In North Charleston and elsewhere, many women, and men, suffer criminal domestic violence. These victims suffer real physical, emotional, and psychological injuries at the hands of their abusers. The criminal law has evolved to protect these vulnerable victims. Regrettably, some people use the developments in criminal law designed to protect real victims of criminal domestic violence to their advantage even though their allegations are false. Law enforcement treats these so-called victims identically as though they are true sufferers of domestic violence. Scrutinizing the accuser’s allegations at trial under cross-examination is the only way to determine the sincerity of the accusations. That is why criminal trials are so valuable: criminal defendants have the right to confront and cross-examine their accusers. That right is guaranteed by the Sixth Amendment to the United States Constitution. There are circumstances, however, where criminal defendants may be deprived of that right. North Charleston domestic violence attorney Rad S. Deaton will fight to preserve your rights if you have been accused of criminal domestic violence in South Carolina.
Confronting the Accuser of Criminal Domestic Violence in South Carolina
The “crucible of cross-examination” allows the jury to determine the truth or falsity of the allegations. A capable cross-examiner will confront the accuser on issues of bias, prior inconsistent statements, a prior criminal history, and motivation to lie. Cross-examination can also reveal the failure of memory, an inaccurate memory, or inaccurate perception. The jury can watch the witness testify and evaluate the accuser’s demeanor when answering questions. When these areas have competently explored the jury or judge can get the complete picture of who the witness is and determine whether he or she is to be believed. If the witness cannot be believed then the jury will be unable to convict. In some instances, the defendant is deprived of this right and out-of-court allegations are allowed in evidence to be used against the defendant.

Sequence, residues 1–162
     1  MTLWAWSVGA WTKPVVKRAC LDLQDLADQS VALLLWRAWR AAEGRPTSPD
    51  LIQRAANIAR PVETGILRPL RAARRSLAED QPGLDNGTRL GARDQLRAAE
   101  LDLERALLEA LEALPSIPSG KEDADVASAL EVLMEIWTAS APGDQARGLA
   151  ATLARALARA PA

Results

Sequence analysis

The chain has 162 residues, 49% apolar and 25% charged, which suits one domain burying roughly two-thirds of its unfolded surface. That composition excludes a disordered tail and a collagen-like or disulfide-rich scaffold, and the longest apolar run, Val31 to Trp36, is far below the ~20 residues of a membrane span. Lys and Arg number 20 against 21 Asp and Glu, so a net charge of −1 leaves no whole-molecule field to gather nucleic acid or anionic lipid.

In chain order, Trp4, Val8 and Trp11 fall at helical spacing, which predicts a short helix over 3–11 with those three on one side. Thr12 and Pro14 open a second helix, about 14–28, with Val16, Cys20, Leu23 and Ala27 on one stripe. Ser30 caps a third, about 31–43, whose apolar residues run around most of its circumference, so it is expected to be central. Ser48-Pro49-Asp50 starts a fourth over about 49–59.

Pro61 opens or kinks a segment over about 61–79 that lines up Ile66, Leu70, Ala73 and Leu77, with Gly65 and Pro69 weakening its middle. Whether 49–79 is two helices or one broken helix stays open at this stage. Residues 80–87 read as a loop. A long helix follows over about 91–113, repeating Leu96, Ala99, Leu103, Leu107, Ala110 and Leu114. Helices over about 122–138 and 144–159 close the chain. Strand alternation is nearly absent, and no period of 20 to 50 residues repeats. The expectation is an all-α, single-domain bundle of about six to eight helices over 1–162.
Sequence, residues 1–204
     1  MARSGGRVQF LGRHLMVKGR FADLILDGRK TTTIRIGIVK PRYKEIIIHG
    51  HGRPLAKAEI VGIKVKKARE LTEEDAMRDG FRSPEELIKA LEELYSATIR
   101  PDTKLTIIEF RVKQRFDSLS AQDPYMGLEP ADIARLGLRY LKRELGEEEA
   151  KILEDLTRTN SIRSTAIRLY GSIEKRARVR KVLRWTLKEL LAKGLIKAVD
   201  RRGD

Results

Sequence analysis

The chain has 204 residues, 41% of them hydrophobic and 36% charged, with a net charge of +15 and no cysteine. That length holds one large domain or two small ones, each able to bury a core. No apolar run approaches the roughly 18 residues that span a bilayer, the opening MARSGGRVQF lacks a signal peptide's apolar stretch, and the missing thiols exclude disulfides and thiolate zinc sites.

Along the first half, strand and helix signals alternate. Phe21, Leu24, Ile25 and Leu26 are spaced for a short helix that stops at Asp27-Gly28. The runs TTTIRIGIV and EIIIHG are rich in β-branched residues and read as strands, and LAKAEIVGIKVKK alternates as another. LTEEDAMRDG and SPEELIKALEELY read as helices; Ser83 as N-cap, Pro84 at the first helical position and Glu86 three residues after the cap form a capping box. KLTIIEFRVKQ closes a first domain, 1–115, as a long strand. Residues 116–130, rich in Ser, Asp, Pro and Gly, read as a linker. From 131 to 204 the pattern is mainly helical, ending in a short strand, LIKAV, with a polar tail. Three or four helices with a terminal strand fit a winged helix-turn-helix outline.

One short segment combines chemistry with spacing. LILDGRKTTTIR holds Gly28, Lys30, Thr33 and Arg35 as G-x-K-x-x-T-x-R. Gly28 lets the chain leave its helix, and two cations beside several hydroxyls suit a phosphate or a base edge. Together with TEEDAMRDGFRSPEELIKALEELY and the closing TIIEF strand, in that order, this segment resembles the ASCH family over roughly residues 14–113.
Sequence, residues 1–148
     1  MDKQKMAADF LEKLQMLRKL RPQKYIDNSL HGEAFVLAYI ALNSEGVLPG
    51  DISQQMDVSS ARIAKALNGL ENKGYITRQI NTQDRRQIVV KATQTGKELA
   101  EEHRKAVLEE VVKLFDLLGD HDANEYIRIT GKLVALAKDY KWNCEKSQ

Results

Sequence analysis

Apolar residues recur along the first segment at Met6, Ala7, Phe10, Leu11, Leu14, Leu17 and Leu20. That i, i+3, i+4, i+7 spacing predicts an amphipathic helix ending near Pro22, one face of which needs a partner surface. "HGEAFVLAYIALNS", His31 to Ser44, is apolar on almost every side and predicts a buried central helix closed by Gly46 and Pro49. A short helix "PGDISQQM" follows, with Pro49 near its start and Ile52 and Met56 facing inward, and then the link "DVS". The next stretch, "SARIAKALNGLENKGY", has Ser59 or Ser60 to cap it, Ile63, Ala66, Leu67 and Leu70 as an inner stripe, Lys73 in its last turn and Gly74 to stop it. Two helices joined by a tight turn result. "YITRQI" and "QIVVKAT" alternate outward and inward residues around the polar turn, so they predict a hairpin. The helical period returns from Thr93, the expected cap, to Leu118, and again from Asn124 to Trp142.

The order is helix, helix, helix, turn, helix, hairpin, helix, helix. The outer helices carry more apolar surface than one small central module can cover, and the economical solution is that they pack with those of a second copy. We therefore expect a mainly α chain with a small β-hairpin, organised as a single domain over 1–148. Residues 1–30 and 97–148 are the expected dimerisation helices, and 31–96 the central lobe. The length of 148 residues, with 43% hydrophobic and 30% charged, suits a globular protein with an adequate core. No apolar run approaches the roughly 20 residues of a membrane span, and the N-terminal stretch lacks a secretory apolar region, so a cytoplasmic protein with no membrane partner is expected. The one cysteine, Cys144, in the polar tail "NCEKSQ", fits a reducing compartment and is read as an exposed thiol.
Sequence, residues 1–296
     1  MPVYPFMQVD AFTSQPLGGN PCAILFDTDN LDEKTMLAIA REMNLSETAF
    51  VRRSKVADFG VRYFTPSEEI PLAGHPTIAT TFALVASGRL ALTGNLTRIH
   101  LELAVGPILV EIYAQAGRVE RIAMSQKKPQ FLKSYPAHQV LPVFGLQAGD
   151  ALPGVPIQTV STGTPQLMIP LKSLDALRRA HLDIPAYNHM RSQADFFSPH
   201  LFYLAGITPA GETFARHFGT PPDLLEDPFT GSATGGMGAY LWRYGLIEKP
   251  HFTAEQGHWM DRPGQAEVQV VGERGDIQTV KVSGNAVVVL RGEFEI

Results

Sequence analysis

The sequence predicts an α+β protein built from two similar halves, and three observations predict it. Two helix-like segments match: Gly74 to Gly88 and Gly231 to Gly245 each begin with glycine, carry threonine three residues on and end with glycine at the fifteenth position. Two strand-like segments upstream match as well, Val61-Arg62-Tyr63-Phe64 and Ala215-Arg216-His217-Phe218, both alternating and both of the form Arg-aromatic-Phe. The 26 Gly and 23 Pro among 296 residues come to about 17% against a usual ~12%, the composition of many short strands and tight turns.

Hearsay & Criminal Domestic Violence Trials in South Carolina
Generally speaking, a statement made while out of court cannot be used in court to prove a fact. That rule is known as the “hearsay” rule. Hearsay is allowed in court under any circumstances. In a criminal domestic violence trial, the accuser’s out-of-court statement may be used to try to convict the defendant even if the accuser never takes the stand. There may be many reasons why an accuser does not testify at trial. If the accuser is the defendant’s spouse, the accuser may invoke the marital privilege and refuse to testify against the defendant. The accuser may have a privilege against self-incrimination and taking the stand would subject the accuser to potential criminal liability. The accuser may be deceased or otherwise unavailable. The accuser may not testify because they are afraid of retaliation. These situations deprive the government of the evidence they need to convict the defendant.
An exception to Hearsay in Criminal Domestic Violence Trials
Every rule creates exceptions. One exception to the hearsay rule frequently used in criminal domestic violence trials is the “excited utterance.” The most common exciting utterance the government tries to use is contained in a 9-1-1 call, although that is not the only circumstance in which an excited utterance can occur. This excited utterance may be the only evidence against a defendant if the accuser refuses to testify. An excited utterance may be admitted at trial, and used by the jury as a reason to convict if the statement was made in reference to and under the stress of an exciting or “startling” event, and the stress must be caused by the startling event. The rationale for the admissibility of these statements is that the circumstances when they are made make them reliable. Reliability is determined by looking at the “totality of the circumstances” in which the statement was made. The statements do not need to be made during the startling event but a lapse of time is a factor in determining reliability. The accuser’s demeanor while making the statement and the severity of the alleged event weighs heavily on the overall reliability of the statement. However, the statement cannot be used if it is “testimonial,” meaning that the statement was made under circumstances that it was accusatory rather than under the stress of the startling event.
Skilled Criminal Domestic Violence Defense Attorney in North Charleston Will Fight For You
Rad S. Deaton is a skilled criminal domestic violence defense attorney in North Charleston. He will fight to protect your rights from being trampled by the government when accusers refuse to testify. The stakes are too high to settle for less. Call South Carolina criminal domestic violence defense attorney Rad S. Deaton of the Deaton Law Firm, LLC today at 843-225-5723 during business hours, or 843-557-6852 after hours, if someone has accused you of criminal domestic violence in the North Charleston, S.C. area.